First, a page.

Maude’s Modifications: Class C RV Remodel
Many people draw a connection between remodeling an RV, and renovating a travel trailer or Airstream. They don’t necessarily think of a Class C being involved in the remodel. And with good reason, right? Class C RVs pretty much come equipped with everything you need. So why would you need to remodel a class C anyway? Well, for us, remodeling our Class C RV we aptly dubbed Maude, meant turning her into a home. The thing about class C RVs, and even Class A RVs for that matter, is that everything comes pretty standard as far as factory amenities. You have your wallpaper, you have your upholstery, you have your basic design. In fact, most RV companies even have names for these designs, or “themes” within their rigs. Ours, for example, was the “Aquarium with Honey Cherry”. This just meant a whole lotta beige and green.
It was a beautiful rig, don’t get us wrong. But it wasn’t our vision. It was Winnebago’s vision. The floors weren’t our preference, the wallpaper resembled a jungle-type theme, and the carpet was fairly…worn- in, we’ll say. It was a 2007 rig and she had some miles on her. But we knew that if we were going to be living in Maude full-time, she needed to feel like home.
So, we started our RV renovation.
First, we painted over the wallpaper. To us, the wallpaper seemed a bit outdated, and we wanted something bright, fresh and somewhat modern. We used a Benjamin Moore paint that took…a lot of coats. Painting over wallpaper is tricky, because you need to do a fair amount of cleaning the walls first. We used rubbing alcohol, which helped remove any dirt and grit from the walls. Then, after a few good coats and a lot of masking tape around the edges, Maude got her first style-upgrade.
Next, we decided to change the floors. There was a beige linoleum that came with the rig, which while functional for a majority of the time, needed to be modernized. We were mulling over floor options, while also keeping in mind adding weight to the RV would probably be a bad idea, and landed on vinyl floor planks from StainMaster. With having zero experience in laying floors, this company does a great job of making the process simple and straightforward. It took us about two full days to get the flooring finished. Not because it was strenuous, but because there were a lot of precision cuts to make and…. we are perfectionists.
After having the floors so new and clean, we knew that dingy, beige carpet had to go. The new carpet we picked up at Home Depot for $14.57 a sq yard. Thankfully, when we tore up the original carpet, there was tons of wood which we could use to staple down the new carpet. On the spots where there was no wood, like the stairs for example, the old carpet adhesive was SO intense, we didn’t even need to add new adhesive, it just stuck perfectly. We finished the carpets in a day and it complimented our floors perfectly.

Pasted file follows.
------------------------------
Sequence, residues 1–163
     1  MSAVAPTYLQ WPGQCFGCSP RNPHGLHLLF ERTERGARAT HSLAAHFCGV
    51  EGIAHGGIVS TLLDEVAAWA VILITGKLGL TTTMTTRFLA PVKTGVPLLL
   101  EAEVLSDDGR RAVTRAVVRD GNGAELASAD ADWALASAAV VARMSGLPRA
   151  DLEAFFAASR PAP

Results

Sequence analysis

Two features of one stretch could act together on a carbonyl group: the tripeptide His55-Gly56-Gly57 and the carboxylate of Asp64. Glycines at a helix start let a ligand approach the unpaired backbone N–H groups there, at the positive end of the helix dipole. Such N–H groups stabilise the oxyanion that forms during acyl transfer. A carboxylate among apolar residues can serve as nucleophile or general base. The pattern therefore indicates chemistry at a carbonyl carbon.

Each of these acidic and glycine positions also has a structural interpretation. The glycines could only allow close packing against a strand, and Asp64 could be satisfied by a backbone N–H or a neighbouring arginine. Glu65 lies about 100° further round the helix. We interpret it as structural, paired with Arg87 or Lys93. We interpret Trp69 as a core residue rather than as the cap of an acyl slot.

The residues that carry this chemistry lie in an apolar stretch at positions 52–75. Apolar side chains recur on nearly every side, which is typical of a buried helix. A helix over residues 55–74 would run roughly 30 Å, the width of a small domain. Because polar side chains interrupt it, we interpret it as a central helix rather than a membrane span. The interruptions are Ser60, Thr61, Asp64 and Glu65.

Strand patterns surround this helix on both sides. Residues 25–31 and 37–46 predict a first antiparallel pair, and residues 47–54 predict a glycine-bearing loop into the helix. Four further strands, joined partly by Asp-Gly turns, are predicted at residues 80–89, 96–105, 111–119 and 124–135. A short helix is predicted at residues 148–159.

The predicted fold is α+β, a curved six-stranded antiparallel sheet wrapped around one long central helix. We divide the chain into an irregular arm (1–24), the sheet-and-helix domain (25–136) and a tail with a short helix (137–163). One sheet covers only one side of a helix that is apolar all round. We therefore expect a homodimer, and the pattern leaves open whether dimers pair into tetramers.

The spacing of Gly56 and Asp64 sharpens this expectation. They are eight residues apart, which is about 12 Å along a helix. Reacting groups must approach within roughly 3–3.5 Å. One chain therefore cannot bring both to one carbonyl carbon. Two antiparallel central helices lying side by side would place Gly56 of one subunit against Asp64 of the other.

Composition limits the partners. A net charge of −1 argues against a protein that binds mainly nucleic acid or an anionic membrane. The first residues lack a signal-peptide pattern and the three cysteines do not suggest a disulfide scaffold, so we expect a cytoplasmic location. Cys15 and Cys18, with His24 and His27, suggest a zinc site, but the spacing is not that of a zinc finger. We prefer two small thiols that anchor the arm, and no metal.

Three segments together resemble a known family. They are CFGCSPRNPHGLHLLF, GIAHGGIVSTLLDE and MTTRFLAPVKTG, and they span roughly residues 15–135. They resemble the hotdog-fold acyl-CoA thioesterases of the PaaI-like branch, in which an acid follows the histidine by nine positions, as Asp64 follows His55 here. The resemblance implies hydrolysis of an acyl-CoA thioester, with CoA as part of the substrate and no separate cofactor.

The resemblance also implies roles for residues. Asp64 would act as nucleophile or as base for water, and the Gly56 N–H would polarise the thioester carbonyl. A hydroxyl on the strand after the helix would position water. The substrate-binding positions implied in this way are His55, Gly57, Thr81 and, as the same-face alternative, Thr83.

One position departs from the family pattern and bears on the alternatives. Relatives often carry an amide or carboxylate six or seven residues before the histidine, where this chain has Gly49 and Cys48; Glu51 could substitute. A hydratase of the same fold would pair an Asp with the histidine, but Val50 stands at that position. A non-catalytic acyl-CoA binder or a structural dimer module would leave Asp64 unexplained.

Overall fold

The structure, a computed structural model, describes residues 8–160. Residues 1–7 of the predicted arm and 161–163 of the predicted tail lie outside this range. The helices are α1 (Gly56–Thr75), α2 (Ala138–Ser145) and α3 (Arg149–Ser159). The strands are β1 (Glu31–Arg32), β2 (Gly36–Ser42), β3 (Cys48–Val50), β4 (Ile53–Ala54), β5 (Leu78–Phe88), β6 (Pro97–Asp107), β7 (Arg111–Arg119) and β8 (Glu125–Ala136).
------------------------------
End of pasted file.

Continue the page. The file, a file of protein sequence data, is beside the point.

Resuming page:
Since we do a lot of cooking in the RV, we wanted a functional backsplash in order to prevent messes, but also add a bit of flair to our kitchen. As much as we wanted white subway tiles to do the trick, thosewould’ve just added a bit too much weight. So, we went with the next best thing—Smart Tiles. These adhered so easily to the wall, they just fit perfectly. We needed to make a few cuts, but it wasn’t anything major. Once finished, the Smart Tiles added the right amount of personality to our tiny kitchen.
We also ditched the RV curtains that were hanging. They too, were beige, and not only were they very bulky and heavy, but they also came loose often. If you’re familiar with RV blinds, you’ll know how intricate they are to restring and hang. It was a lot of effort and work that we just didn’t see being worth it. We ended up with white, blackout blinds from Ikea, for less than $30 each for both big windows. They screwed into our cabinets and don’t shift at all while in transit. They still block out any light and give us necessary privacy, while adding a more modern feel to the rig. Not to mention, we use either of the big blinds to project our movies on with our portable projector. It was the perfect touch.
We also added a few design pieces throughout to add a bit more character: antique carpets on the floors, faux white furs to cover the upholstery, mason jars filled with beans, rice, and legumes which we used Velcro to adhere to the kitchen counter. We still have much more to go, in terms of remodeling, for example replacing our RV refrigerator with a standard mini fridge, adding more storage, and building a banquette in the slide out, rather than the bulky couch that came with the rig. We also are adding solar, so we can boondock as freely as we’d like.
Ultimately, as we said, we wanted our RV to feel like home. We wanted our own vision of décor and style, while adding both comfort and functionality. So the next time you hear someone say they remodeled their RV, remember that Class C RVs can get a style-boost, too.